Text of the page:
She’s not alone. Just look at complaints on reddit like this thread and this one and you’ll see that others who pre-ordered using old REDcard numbers were similarly screwed.

Tracy tells Consumerist she tried to call the customer service rep back again, but since Nov. 9, the number she was given has either been busy or rings endlessly.

Wandering The Wasteland

The release date has come and gone, and as of this morning, Tracy and others still didn’t have their orders. Nor did she have an e-mailed confirmation or tracking number for the item that was supposed to replace her canceled order, which she was promised by the rep who no longer answers her phone.

She did reach out to Bethesda Software, the game’s developer, and said that the company was trying to resolve her issue on that end.

“At this point, I have very little confidence that Target will make this right,” Tracy wrote. “I certainly hope that I’m wrong there, but it doesn’t seem like there will be any way to magic up copies of a game edition that is not even being manufactured any more.”

What Now?

We got in touch with Target — again — asking for an update on the situation, and any advice for other customers experiencing the same issues as Tracy.

A spokeswoman told us that guest relations had been in touch with Tracy as of Thursday night with a tracking number for her order, and she should be receiving her item soon.

We’ve confirmed with Tracy that she not only got the tracking number, but she might as well forget any plans she had this weekend because her copy of Fallout arrived today. Though she notes that it shipped straight from Bethesda, rather than from Target.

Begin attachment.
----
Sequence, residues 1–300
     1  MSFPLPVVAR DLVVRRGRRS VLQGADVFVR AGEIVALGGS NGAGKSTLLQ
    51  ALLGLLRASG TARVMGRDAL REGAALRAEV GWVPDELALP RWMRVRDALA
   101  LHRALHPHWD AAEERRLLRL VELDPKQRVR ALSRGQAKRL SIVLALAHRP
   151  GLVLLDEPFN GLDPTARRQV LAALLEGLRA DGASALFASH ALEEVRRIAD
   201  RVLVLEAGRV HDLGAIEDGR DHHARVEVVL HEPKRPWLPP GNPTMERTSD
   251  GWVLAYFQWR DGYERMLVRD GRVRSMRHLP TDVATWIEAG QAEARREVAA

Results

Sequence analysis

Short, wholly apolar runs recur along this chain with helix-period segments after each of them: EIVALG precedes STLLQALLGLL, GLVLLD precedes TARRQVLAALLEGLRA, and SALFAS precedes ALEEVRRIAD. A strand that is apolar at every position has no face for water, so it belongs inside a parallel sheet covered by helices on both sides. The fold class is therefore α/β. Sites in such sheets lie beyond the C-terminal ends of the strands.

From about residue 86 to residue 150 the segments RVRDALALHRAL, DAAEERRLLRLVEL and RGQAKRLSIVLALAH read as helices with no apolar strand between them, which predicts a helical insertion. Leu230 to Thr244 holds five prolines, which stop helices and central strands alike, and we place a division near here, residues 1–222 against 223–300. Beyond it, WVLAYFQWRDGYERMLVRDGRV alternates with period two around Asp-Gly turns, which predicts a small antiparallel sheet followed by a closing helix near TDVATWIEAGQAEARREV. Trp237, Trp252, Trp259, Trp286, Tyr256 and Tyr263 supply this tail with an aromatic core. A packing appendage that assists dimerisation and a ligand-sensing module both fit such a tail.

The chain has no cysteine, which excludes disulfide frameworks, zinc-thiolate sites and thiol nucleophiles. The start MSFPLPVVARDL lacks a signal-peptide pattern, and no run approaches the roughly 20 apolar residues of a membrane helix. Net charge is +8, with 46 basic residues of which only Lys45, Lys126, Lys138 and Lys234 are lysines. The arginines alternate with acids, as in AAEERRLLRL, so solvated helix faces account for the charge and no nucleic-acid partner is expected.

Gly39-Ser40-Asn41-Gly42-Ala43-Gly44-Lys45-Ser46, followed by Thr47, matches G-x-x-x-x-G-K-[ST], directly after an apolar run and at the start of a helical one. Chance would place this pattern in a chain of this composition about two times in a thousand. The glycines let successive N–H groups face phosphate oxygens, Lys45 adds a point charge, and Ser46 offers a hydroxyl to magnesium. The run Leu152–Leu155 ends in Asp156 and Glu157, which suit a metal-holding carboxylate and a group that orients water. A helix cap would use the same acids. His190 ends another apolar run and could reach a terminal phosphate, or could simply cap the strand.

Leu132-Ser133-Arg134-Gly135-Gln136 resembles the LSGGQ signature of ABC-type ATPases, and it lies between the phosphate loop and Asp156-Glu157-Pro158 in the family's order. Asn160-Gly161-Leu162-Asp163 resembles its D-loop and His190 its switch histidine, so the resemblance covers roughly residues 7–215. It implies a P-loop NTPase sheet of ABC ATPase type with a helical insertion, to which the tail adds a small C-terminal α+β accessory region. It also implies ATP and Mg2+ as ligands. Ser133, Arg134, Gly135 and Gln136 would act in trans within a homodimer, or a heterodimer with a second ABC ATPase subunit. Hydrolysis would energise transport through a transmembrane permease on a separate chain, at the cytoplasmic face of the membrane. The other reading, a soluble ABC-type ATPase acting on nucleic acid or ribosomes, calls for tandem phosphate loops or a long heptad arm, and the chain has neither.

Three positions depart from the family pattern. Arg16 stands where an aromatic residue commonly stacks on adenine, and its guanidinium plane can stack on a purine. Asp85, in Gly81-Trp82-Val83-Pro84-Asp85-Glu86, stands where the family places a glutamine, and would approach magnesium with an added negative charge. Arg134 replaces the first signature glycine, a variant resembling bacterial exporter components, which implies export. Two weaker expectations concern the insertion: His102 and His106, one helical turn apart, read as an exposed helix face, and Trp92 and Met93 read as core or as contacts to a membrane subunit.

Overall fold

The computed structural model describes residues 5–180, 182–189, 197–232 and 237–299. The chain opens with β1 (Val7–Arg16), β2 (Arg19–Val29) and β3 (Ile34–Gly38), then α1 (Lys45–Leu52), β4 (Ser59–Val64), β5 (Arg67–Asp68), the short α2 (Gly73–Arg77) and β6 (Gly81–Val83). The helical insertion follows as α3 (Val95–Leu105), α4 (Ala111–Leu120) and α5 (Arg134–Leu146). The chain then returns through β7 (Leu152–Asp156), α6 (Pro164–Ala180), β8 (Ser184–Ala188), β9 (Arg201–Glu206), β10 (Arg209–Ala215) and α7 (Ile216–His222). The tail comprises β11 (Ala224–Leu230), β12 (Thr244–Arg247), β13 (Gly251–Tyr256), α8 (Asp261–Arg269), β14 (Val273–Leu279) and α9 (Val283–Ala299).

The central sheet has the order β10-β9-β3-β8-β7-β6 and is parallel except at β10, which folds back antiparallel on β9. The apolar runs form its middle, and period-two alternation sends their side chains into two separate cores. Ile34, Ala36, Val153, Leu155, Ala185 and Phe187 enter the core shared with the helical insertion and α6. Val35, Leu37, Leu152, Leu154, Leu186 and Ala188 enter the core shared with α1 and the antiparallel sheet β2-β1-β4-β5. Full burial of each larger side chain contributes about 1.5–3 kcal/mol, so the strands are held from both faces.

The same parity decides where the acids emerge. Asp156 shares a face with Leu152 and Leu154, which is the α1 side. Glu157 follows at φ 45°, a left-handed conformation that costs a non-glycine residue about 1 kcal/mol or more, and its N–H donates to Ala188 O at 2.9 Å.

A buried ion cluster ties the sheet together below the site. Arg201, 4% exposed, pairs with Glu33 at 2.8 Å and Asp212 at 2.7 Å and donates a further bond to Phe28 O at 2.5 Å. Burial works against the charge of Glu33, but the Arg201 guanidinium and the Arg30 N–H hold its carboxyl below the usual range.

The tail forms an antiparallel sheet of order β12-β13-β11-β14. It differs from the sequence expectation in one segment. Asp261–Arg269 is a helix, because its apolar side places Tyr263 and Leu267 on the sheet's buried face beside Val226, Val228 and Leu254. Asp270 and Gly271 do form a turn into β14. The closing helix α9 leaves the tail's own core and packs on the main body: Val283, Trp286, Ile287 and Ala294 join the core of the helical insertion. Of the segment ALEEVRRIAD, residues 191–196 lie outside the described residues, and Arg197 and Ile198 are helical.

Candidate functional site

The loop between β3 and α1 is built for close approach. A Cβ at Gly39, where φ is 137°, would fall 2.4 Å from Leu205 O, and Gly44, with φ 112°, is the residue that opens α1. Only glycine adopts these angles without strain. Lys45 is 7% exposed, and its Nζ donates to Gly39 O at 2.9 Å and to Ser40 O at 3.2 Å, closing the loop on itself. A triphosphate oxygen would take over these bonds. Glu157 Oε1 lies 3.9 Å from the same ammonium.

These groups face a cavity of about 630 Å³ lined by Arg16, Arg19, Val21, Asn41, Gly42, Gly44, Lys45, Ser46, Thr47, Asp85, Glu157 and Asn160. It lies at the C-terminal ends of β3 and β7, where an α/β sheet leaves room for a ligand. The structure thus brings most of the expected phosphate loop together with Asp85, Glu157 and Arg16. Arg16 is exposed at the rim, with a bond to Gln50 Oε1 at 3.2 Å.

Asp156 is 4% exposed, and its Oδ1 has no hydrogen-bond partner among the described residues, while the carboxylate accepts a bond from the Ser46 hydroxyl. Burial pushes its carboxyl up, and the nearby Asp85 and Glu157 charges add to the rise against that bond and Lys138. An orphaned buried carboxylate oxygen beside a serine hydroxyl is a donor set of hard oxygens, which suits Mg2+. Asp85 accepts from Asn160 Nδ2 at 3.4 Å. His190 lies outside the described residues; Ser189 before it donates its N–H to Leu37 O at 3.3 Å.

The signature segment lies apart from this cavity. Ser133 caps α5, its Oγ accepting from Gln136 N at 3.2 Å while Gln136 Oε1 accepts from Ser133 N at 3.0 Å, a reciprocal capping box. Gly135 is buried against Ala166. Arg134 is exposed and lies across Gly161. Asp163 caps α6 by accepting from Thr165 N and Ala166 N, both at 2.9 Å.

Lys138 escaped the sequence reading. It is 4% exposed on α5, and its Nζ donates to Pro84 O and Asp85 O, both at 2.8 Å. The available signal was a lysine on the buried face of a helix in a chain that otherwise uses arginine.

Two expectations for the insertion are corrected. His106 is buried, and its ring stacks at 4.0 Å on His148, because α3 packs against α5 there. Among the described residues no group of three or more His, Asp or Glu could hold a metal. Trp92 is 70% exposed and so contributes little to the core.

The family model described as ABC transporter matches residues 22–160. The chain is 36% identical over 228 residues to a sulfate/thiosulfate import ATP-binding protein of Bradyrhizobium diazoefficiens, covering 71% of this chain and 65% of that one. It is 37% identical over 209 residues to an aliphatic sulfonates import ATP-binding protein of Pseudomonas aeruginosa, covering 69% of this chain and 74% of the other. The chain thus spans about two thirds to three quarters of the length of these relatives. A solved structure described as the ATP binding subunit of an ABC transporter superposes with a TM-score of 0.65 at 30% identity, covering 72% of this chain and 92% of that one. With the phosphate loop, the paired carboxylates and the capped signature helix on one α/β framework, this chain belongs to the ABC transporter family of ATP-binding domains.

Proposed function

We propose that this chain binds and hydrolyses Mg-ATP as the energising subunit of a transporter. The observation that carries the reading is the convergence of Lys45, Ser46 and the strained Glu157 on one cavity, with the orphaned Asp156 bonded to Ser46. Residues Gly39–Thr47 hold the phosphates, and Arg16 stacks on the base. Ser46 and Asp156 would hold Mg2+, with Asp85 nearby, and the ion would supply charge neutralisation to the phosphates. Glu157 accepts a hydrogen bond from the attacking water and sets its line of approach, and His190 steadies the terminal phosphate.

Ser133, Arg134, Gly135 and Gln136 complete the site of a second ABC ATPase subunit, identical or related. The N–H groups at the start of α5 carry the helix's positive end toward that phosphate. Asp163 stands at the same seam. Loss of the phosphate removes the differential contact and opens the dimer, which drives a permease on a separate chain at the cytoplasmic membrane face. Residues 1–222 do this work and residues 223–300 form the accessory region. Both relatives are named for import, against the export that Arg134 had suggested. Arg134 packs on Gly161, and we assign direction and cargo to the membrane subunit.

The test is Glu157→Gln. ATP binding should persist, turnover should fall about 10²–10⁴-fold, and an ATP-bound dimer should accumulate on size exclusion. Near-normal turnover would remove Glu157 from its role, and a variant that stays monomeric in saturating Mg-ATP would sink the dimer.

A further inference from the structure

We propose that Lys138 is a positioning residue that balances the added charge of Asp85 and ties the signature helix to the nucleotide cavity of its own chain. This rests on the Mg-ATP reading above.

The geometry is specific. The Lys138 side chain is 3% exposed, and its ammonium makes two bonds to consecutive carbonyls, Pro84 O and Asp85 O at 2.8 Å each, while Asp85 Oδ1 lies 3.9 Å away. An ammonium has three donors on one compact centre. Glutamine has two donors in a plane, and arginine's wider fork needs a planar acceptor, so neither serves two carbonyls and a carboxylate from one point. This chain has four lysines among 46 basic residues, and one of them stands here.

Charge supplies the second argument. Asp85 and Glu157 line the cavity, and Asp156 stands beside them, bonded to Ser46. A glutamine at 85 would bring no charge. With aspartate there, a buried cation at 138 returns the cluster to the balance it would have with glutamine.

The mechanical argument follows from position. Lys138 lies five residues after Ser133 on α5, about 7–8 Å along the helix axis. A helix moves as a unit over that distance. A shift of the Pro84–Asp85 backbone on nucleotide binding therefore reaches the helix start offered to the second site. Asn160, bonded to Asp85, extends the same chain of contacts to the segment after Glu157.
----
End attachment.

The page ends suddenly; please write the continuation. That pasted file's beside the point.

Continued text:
When asked how a Target customer could avoid this sort of problem going forward, the rep somehow managed to put the burden and blame on the customer, saying that shoppers shouldn’t use a card that will expire before a product’s ship date. That’s all well and good, but it simply doesn’t apply in this case.

Remember, Tracy’s card wasn’t expiring. Target made a decision on its own to reissue these cards with new numbers. How could Tracy or other customers have possibly predicted that the retailer would choose to change up all of its payment cards in that particular five month window?

The spokeswoman apologized for the experience Tracy and others may have had with guest relations over payment issues, again calling the circumstances “unfortunate,” and said that anyone in the same boat should continue to reach out to via Target’s customer service — the same service that repeatedly provided Tracy with incorrect information and refused to reply to her after canceling her order.

“To the extent we’re able to, we’ve been attempting to work with them to provide resolution,” the rep tells Consumerist.

What Target needs to learn is that the best resolution is to not mess up in the first place.

Update: Tracy not only received a copy of Fallout 4 that day from Bethesda, she got a second copy later on Friday… this time from Target. She says she’s going to send back the copy Bethesda sent her so someone else can enjoy the game.

“So somehow, after having none, I ended up with two!” she writes. “It’s a relief that Target did step up and fulfill my order after all.”